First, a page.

Star date, January 24, 2019.
Forever deemed the day of the “Great Fall Out”.
In the grand scheme of things, there was nothing nuclear about it. The world has not ended. But it certainly felt like I had been hit by a bomb.
I was prepared and unready all at the same time. My infusion nurse had warned me. My oncologist had warned me. Every book and every fellow survivor had warned me.
It had even warned me. In the three days prior, and without further description, everything below my neck had made a steady march toward the shower drain. Adding insult to injury by forcing me to repeatedly clean the “shower shroom” I had purchased in case of such of an event.
I even had a beautician and a back-up beautician on stand by. I was going to take control of this. I was not going to let it beat me. I was going to be brave and rid myself of the trauma. Was even going to go live on social media with it. I was going to declare that “Pink Warriors” rule. A group of us girls were going to fight back.
But this was not to be the case. Whether this was bad luck or whether it was divine providence, I don’t know. Every single lady involved but me was busy that Friday night. My power moment was quickly becoming a whimper.
I was desperate. I was edgy, but I was sure I could make it to Saturday morning. “Just go to bed”, I told myself, “It will be okay”.
Taxotere aka “The Hair Taxi” said ” Yeah, Right!”
Ever had a sunburn on your head? That’s what it felt like when the “glow bugs” came to fight. Woke me up at 3 a.m. with a jolt. Instantly, my hand rises for my head. Ascends empty and descends full of what used to be.
My face was wet with mourning before I even picked up the comb and started to loosening the plaits I had been wearing to lessen impact. But nothing could save me from the pain in my scalp nor the pain in my spirit as they began to fall on their own. For each one I pulled, another came with it.
Exhausted from trying to keep up, I woke my husband up at 4 a.m . I sat between his knees on the floor to let him finish the job. Towel around my shoulders and bag in hand to protect the carpet.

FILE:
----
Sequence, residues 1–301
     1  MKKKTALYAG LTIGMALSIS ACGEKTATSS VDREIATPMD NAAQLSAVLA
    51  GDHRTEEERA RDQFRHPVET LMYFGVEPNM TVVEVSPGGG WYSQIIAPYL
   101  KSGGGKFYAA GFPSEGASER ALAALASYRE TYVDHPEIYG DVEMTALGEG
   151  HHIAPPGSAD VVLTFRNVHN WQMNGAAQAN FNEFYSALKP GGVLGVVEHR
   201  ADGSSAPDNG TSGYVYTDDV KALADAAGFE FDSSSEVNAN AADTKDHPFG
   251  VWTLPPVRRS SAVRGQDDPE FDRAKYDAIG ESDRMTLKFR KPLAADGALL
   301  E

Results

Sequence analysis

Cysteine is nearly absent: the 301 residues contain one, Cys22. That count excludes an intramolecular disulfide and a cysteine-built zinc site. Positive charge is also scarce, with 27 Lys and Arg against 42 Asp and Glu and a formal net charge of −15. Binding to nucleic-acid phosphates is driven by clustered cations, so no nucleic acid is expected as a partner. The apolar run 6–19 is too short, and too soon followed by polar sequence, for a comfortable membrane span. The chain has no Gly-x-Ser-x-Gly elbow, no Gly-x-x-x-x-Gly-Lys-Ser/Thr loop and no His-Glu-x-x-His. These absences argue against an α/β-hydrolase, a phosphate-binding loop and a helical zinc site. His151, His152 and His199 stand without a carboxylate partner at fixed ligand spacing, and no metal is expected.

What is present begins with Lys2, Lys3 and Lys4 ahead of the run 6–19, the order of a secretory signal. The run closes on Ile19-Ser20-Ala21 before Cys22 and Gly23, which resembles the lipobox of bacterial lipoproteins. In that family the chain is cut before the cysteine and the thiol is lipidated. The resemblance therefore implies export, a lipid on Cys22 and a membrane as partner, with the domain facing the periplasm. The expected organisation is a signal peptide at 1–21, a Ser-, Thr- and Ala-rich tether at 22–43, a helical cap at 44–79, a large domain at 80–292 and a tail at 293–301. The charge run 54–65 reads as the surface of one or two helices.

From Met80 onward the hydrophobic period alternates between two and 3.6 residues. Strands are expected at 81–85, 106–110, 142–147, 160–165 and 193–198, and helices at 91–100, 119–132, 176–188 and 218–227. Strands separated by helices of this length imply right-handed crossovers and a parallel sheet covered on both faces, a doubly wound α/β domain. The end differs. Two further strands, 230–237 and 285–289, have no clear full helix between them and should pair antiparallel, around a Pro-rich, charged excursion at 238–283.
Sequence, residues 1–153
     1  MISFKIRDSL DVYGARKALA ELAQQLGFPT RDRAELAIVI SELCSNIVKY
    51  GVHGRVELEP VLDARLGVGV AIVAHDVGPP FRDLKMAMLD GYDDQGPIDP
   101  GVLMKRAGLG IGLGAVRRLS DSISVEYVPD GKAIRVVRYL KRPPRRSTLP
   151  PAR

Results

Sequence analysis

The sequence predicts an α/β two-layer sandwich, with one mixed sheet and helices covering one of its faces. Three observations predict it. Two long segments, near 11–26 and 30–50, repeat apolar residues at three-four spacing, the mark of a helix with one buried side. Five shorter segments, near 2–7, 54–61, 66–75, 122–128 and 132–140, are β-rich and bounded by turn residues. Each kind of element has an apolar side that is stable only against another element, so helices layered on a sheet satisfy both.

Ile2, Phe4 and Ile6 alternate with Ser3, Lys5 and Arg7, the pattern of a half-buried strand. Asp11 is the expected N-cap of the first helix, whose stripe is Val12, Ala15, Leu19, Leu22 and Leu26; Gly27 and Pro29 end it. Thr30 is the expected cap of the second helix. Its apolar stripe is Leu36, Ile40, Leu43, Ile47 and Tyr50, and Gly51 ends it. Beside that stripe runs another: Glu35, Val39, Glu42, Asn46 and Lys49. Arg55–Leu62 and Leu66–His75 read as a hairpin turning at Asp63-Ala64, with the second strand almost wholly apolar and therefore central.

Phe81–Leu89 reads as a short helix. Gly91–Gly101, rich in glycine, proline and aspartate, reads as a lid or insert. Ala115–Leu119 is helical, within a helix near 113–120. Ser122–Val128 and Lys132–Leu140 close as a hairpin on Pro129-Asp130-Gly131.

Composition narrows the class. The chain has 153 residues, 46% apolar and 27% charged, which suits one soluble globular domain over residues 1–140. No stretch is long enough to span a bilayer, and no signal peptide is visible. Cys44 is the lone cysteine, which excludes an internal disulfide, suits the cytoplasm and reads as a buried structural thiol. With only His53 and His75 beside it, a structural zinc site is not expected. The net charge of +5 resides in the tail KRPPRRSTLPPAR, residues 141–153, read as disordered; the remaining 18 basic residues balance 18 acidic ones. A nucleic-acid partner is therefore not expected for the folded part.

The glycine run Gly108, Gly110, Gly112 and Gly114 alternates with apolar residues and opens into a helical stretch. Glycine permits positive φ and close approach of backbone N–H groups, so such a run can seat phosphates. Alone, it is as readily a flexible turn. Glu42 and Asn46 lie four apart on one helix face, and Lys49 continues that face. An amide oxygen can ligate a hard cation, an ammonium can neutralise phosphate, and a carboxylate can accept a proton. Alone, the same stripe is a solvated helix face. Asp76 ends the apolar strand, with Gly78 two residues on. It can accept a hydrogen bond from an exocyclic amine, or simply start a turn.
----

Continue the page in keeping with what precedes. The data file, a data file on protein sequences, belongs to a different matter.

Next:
We turned on the comedy channel, though neither of us really felt like laughing. I was attempting to drown out the screaming that was going on in and on my head.
After nearly two straight hours of digging, pulling and stopping to cool my scalp with a towel, I was left with a gallon sized freezer bag of what used to be black (and grey) natural curls and braids.
My “Whoopie Goldberg” pigtails use to extend just about my shoulders. Very few in my professional life had seen them. I kept them neatly tucked under a curly wig of about the same length during daylight hours. They were my little secret that got exposed the minute I hit my door frame each night and all weekend long. Only my closest family and friends had seen them. Oh, and occasionally, the mail man who I felt no need to be fake with.
My “Whoopies” were my guilty little pleasures. My real me. My freedom. And now I was carefully gathering them for a funeral procession in a zip lock bag coffin. A sobbing march to the super can outside so I would not be tempted to keep them.
SIDE NOTE: It is just hair. I know that. But it was mine. The next person with a full head of hair who has not experienced chemo or alopecia…. and says that I should just get over it….. best believe they should stand at least my arm span away for a week or more.